7. Jim Beaver

    Dave Lear Guest

    in message
    Its official name under Windows XP is the System Notification Area but most
    people still call it what it was known as under previous versions of Windows
    which was the System Tray.
    Dave Lear, Mar 15, 2005
  8. Jim Beaver

    Jim Beaver Guest

    Pretty damn funny. Helpful, no. But funny...well, actually, no. And since
    the actual answer given by a number of other people (Systray or System Tray)
    contains fewer letters than zzzzzzzzzzzzzzzzzzzz, not even particularly
    easier than a helpful answer.

    Thanks to everyone else, though.

    Jim Beaver
    Jim Beaver, Mar 16, 2005
  9. Jim Beaver

    Jim Beaver Guest

    It's a freebie I downloaded some time ago. It's called Pop-Up Killer, but
    since there seem to be about thirty programs with that name the last time I
    checked, I thought it would be more confusing than not to name it.
    Not by checking Task Manager, but rather by seeing that it blocks pop-ups
    even when the icon is not visible in systray.

    but is not adding or
    I've checked the hidden icons repeatedly. The icon is either unhidden and
    visible or it's completely gone.
    No, I'm using XP's tray icon manager.

    Of course I'll do that if necessary, but I really like this one better than
    any of the several others I've tried.
    There's only one .exe file in the program folder. Is this what you mean?
    The last sentence I'm afraid I don't understand -- not quite savvy enough
    about the processes you describe.


    Jim Beaver
    Jim Beaver, Mar 16, 2005
  10. Jim Beaver

    Vanguard Guest

    Quite true. A search on "PopUp Killer" returns 472,000 matches at
    Google, so knowing the author of the program would help to narrow down
    which one you have. If you don't already know the author, you might be
    able to identify the author of the program by right-clicking on its .exe
    file, Properties, Version tab, and checking the company name.
    Some programs will detect that they are already loaded so instead will
    display their configuration window or user interface when you run it
    again. So I was suggesting that you try to run the program a second
    time to see if it brings up its window. The shortcut to the program in
    the Startup group or in the registry Run key will tell you how the
    program gets loaded. Since there is only one .exe file, that's probably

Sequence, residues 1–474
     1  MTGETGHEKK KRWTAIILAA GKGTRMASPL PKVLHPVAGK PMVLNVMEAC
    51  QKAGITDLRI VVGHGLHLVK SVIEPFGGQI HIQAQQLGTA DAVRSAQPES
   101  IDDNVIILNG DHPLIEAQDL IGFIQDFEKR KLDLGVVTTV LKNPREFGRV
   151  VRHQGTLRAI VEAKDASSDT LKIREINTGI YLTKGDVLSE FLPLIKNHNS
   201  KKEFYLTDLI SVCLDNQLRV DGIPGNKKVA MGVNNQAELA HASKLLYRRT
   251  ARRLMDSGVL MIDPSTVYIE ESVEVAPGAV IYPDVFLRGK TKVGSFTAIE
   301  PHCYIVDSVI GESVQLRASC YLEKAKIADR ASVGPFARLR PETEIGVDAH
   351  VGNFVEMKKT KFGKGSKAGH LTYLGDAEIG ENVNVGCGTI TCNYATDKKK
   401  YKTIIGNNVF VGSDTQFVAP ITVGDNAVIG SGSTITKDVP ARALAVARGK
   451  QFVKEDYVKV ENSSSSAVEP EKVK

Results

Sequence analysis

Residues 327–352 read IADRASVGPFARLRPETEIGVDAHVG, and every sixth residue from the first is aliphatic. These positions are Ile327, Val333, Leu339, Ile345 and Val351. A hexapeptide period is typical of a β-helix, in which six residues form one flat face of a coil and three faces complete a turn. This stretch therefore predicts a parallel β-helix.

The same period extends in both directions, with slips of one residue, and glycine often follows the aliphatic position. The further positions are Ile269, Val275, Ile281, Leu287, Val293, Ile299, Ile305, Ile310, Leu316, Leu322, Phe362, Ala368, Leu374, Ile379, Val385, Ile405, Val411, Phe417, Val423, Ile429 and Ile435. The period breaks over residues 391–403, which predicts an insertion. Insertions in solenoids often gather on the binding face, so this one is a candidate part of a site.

Alternatively, you could kill the process for the popup stopper using
    the Processes tab of Task Manager and reload that program to see if it
    then adds its icon to the system tray.

    If the program is loaded by an entry under the registry Run key, you
    might try removing it and put it as a shortcut under your Startup group
    (or the All Users Startup group if you want all accounts to use it).
    That way, it will load later and possibly eliminate a conflict with some
    other software that is loading at the same time.

    Although you like the program, it is a dead program and you are already
    having usability issues with it. Even the popup stopper in Service Pack
    2 of Windows XP lets you define a whitelist of sites so you can allow
    popups only from those sites and block the others (but it's popup
    blocking is no better than the popup stoppper in the Google Toolbar).
    Vanguard, Mar 16, 2005
  11. Jim Beaver

    Vanguard Guest

    "Vanguard" <use_ReplyTo_header> wrote in message

    One other possibility that I forgot to mention. If it is a really old
    popup blocker, maybe it wasn't coded to specifically support Windows XP
    and is an old 16-bit application. If so, and if it is loaded by a
    shortcut in your Startup group, right-click on the shortcut, Properties,
    and see if there is a Compatibility tab so you could try to load it
    under a emulated VM for whatever Windows platform that utility does
    Vanguard, Mar 16, 2005
  12. Jim Beaver

    Vanguard Guest

    Wizard is a puerile flaming troll that can barely manage to type out a
    phrase while his other hand is busy polishing his bishop. Don't bother
    with replying to him because that just gets him off quicker. This
    newsgroup is rife with children (regardless of their age).
    Vanguard, Mar 16, 2005
  13. Jim Beaver

    Jim Beaver Guest

    I've tried this many times in futile hope that it would do just what you
    say, but it doesn't.
    And here's the good this suggestion worked! Thank you!

    Jim Beaver
    Jim Beaver, Mar 16, 2005
  14. Jim Beaver

    Vanguard Guest

    You could then define a .bat file that used the taskkill command in
    Windows XP to kill the process, by the program name. If, for example,
    the program was popkill.exe, you could run:

    taskkill /f /im popkill.exe

    Run "taskkill /?" to see its options. You could then follow that
    command in the .bat file with a line to load your popup killer program
    again. Then add a shortcut to your QuickLaunch toolbar in the taskbar.
    Vanguard, Mar 16, 2005
    1. Advertisements

Ask a Question

Want to reply to this thread or ask your own question?

You'll need to choose a username for the site, which only take a couple of moments (here). After that, you can post your question and our members will help you out.